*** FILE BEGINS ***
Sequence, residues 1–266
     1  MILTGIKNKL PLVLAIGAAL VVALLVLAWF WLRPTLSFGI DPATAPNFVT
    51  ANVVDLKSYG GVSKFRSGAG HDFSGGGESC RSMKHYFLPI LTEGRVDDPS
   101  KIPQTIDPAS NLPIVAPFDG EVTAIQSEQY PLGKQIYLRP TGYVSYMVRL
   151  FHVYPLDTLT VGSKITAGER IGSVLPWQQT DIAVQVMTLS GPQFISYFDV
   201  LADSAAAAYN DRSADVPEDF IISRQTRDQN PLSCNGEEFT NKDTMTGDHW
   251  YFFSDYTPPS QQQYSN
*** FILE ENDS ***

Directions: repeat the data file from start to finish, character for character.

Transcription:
Sequence, residues 1–266
     1  MILTGIKNKL PLVLAIGAAL VVALLVLAWF WLRPTLSFGI DPATAPNFVT
    51  ANVVDLKSYG GVSKFRSGAG HDFSGGGESC RSMKHYFLPI LTEGRVDDPS
   101  KIPQTIDPAS NLPIVAPFDG EVTAIQSEQY PLGKQIYLRP TGYVSYMVRL
   151  FHVYPLDTLT VGSKITAGER IGSVLPWQQT DIAVQVMTLS GPQFISYFDV
   201  LADSAAAAYN DRSADVPEDF IISRQTRDQN PLSCNGEEFT NKDTMTGDHW
   251  YFFSDYTPPS QQQYSN